Dad Music

I woke up humming the chorus from a song my Dad used to sing when he was happy – “Honeycomb won’t you be my baby, Honeycomb be my gal” – an old Jimmie Rogers tune. What I remember of my dad’s musical taste consists of Tennessee “Ernie” Ford, Boots Randolph, and a lot of Henry Mancini.

I inherited some of my parents albums when they got rid of the giant record player console that dominated their living room for years. Before everything was ironic, I saved from the scrap heap  a Reader’s Digest Montovani boxed set, John Phillips Sousa’s Collected Marches, and the classic 1970’s albums Hi God and Hi God II.

Currently, music in our house is dominated by vinyl. A full circle from the first generation iPod that sits like a white brick in the bag of “someday soon I will recycle all these broken electronics”.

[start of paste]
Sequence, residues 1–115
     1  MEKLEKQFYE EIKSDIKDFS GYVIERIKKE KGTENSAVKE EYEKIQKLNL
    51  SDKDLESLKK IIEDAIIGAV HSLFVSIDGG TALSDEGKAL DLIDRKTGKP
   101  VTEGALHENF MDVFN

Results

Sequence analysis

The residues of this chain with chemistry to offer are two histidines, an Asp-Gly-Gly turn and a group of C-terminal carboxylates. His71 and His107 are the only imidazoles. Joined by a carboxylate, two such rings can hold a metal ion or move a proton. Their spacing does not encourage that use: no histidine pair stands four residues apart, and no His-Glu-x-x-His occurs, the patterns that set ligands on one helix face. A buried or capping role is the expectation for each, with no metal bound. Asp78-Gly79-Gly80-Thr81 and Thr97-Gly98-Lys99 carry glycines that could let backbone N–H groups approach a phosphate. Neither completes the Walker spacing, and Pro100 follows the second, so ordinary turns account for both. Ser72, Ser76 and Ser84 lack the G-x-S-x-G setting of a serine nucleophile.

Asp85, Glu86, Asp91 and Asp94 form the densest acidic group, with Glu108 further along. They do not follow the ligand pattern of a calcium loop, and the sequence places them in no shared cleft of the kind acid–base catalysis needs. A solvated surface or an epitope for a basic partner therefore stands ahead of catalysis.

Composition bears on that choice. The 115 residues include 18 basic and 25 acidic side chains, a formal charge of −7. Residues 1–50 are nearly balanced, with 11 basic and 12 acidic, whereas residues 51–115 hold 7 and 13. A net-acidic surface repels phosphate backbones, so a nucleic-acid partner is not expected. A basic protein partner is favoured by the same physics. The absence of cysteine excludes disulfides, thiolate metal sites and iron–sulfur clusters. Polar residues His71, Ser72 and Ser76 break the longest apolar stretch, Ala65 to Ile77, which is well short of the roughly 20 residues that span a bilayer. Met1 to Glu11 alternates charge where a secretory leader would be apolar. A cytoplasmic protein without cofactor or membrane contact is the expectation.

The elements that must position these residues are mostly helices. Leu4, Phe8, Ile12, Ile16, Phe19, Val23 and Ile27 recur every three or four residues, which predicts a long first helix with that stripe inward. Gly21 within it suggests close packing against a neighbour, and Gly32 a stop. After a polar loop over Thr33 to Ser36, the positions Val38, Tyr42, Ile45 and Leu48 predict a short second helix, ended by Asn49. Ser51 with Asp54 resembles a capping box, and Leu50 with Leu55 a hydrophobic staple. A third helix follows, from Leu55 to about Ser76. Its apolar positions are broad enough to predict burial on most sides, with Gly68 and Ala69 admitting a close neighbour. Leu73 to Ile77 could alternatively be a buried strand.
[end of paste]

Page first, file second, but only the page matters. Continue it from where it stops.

Albums never left our living room even when the record player no longer worked. Since being replaced by a fancy new record player more than a year ago, the albums progressively took over the bookcases and the floor until my husband made some judicious choices about what could be rotated out and stored in his office.

Then my daughter started buying albums.

Her eclectic taste in music is encouraged, expanded and indulged by her father who likes nothing better than spending an afternoon record shopping. Her taste for funk and 90’s club music she gets from me. The regrettable attachment to Bob Dylan is solely her fathers doing.

All joking aside, they share a passion for music in many forms and genres.  And they share equally strong opinions about the merits of various albums – “London Calling is better, obvi” – which makes for a very different definition of  “Dad music.” Which speaks to the truth of a tumblr I follow Dad’s Are The Original Hipsters.

Plus, I never have to change the album.

5917Check out the screaming girls in this Jimmie Rodgers clip.

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